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Plant Profile: Wallich Spurge (Euphorbia wallichii)

Euphorbia wallichii 2Wallich spurge is a clump forming herbaceous perennial native the Himalayas. It is a member of the spurge family, Euphorbiaceae, that also includes poinsettia, caster-oil plant, and cassava. The lanceolate leaves dark green with a white midrib before turning yellow or orange in the fall. The flower-like structure appears terminal clusters in early spring and lasts for months. It is four to six inches across, lacks sepals or petals, and consists of three yellow bracts surrounding a cyanthium that is formed by the fusion of a single stamen (male) and a long stalked ovary (female). The stems are coral red and contain a milky sap that may be irritating to the skin and eyes.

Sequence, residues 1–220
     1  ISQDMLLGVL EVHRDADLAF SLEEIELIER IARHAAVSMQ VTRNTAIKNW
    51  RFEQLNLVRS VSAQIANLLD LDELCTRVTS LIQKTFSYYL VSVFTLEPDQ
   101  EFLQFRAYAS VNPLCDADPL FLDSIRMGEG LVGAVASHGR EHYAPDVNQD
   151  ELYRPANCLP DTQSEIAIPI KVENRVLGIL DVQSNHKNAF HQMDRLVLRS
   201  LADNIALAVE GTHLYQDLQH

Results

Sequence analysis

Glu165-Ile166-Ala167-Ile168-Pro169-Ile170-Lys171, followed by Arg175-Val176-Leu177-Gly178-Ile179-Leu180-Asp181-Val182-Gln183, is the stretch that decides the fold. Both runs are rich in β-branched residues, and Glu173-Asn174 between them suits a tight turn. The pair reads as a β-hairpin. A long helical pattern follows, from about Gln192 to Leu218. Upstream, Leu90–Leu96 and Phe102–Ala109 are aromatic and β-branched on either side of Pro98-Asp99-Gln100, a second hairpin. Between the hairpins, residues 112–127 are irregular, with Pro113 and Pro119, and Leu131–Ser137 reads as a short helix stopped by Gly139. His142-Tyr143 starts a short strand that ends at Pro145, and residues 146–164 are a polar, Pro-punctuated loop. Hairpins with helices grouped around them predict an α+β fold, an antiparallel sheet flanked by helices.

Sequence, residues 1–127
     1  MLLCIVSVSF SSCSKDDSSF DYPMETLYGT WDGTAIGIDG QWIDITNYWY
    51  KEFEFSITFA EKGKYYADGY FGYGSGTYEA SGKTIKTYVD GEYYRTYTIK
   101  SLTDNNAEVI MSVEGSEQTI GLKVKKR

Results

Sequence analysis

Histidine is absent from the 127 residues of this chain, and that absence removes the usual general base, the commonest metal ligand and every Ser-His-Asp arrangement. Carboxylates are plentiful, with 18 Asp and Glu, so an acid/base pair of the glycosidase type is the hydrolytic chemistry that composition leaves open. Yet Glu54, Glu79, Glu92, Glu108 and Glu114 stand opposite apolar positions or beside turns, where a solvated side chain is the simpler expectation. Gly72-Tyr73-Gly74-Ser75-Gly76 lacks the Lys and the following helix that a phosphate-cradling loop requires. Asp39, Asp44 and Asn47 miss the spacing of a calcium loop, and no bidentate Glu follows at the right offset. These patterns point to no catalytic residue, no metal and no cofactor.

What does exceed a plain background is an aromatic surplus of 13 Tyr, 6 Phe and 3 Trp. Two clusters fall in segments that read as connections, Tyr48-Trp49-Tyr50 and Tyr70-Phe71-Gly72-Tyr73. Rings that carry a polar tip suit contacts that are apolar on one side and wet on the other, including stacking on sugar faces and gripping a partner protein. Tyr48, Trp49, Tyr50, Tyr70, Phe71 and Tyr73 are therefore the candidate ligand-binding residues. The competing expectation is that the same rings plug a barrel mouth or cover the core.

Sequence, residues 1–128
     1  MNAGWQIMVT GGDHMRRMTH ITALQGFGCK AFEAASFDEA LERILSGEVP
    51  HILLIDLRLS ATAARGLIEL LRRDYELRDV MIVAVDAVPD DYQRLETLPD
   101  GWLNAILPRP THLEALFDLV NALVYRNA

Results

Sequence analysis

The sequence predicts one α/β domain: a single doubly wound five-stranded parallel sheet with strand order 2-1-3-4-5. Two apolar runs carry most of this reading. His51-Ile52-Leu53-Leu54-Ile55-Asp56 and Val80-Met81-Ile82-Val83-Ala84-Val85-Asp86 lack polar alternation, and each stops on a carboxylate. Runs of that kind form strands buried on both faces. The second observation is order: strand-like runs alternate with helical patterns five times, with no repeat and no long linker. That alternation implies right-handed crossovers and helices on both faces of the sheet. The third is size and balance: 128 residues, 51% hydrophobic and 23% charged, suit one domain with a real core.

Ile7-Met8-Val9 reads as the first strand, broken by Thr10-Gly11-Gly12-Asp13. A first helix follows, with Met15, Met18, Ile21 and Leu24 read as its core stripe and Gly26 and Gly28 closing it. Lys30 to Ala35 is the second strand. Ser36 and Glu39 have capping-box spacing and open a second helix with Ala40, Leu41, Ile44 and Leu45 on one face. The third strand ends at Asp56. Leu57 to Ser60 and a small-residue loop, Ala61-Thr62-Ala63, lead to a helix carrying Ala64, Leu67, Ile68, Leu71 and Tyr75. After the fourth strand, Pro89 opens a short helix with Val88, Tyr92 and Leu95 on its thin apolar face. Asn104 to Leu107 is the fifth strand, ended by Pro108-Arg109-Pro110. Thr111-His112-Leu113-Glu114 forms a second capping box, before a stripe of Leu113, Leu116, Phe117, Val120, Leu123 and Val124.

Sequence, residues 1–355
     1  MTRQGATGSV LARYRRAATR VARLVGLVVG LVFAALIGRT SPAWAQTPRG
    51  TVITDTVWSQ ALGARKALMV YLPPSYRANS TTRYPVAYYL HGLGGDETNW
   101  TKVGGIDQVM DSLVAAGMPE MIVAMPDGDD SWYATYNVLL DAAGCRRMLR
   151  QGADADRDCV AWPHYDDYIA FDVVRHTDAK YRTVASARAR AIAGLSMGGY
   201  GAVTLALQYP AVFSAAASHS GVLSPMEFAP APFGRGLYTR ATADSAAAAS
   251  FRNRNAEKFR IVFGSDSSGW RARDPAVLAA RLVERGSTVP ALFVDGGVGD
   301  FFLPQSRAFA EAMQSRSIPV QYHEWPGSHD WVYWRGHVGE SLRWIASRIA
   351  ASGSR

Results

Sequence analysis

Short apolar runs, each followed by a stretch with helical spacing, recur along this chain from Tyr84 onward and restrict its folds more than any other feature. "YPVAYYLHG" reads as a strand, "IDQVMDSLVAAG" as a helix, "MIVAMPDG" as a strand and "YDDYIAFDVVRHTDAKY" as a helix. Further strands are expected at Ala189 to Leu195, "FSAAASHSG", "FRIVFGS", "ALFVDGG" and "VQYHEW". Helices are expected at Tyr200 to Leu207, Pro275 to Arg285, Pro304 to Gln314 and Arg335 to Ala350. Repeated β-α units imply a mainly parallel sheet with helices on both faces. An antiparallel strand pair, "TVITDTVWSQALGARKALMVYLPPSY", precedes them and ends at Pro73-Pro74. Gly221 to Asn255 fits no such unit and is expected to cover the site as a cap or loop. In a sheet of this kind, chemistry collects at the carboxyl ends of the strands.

Type: Herbaceous perennial

Bloom: Clusters of flower like structures composed of three yellow bracts in spring for a long bloom time

Size: 24-30” H x 18” W

Light: Sun to part shade (especially in the South)

Soil: Average, moist, well-drained

Hardiness: Zones 6-9

Care: Cut back flowering shoots to ground level in late summer or autumn.

Pests and Diseases: None of significance

Propagation: Basal cuttings, division, seed with 4 to 6 week cold period

Companion plants: Salvia sylvestris, Salvia nemorosa, purple leafed Heuchera, Frikart’s aster, Crocosmia ‘Jennine’